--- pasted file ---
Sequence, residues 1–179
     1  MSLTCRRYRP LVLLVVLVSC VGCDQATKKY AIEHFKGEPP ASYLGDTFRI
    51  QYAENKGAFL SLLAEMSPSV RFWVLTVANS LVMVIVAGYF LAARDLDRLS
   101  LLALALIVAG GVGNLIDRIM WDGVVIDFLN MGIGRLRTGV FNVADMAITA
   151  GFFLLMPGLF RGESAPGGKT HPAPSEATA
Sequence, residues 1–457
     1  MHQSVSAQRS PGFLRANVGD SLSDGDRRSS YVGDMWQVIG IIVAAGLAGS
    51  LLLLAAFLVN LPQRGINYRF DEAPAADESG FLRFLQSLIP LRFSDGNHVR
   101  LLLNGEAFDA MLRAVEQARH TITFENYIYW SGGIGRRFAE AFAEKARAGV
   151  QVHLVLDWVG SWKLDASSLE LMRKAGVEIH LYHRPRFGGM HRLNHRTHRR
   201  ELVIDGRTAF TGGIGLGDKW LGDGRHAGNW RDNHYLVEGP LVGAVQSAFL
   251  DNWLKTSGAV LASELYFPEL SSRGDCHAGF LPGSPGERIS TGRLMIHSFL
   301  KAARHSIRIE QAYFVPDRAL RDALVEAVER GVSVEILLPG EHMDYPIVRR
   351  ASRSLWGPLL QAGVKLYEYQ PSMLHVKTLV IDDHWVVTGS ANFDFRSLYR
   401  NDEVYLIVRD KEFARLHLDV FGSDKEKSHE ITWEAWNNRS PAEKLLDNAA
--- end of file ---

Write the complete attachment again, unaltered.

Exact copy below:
Sequence, residues 1–179
     1  MSLTCRRYRP LVLLVVLVSC VGCDQATKKY AIEHFKGEPP ASYLGDTFRI
    51  QYAENKGAFL SLLAEMSPSV RFWVLTVANS LVMVIVAGYF LAARDLDRLS
   101  LLALALIVAG GVGNLIDRIM WDGVVIDFLN MGIGRLRTGV FNVADMAITA
   151  GFFLLMPGLF RGESAPGGKT HPAPSEATA
Sequence, residues 1–457
     1  MHQSVSAQRS PGFLRANVGD SLSDGDRRSS YVGDMWQVIG IIVAAGLAGS
    51  LLLLAAFLVN LPQRGINYRF DEAPAADESG FLRFLQSLIP LRFSDGNHVR
   101  LLLNGEAFDA MLRAVEQARH TITFENYIYW SGGIGRRFAE AFAEKARAGV
   151  QVHLVLDWVG SWKLDASSLE LMRKAGVEIH LYHRPRFGGM HRLNHRTHRR
   201  ELVIDGRTAF TGGIGLGDKW LGDGRHAGNW RDNHYLVEGP LVGAVQSAFL
   251  DNWLKTSGAV LASELYFPEL SSRGDCHAGF LPGSPGERIS TGRLMIHSFL
   301  KAARHSIRIE QAYFVPDRAL RDALVEAVER GVSVEILLPG EHMDYPIVRR
   351  ASRSLWGPLL QAGVKLYEYQ PSMLHVKTLV IDDHWVVTGS ANFDFRSLYR
   401  NDEVYLIVRD KEFARLHLDV FGSDKEKSHE ITWEAWNNRS PAEKLLDNAA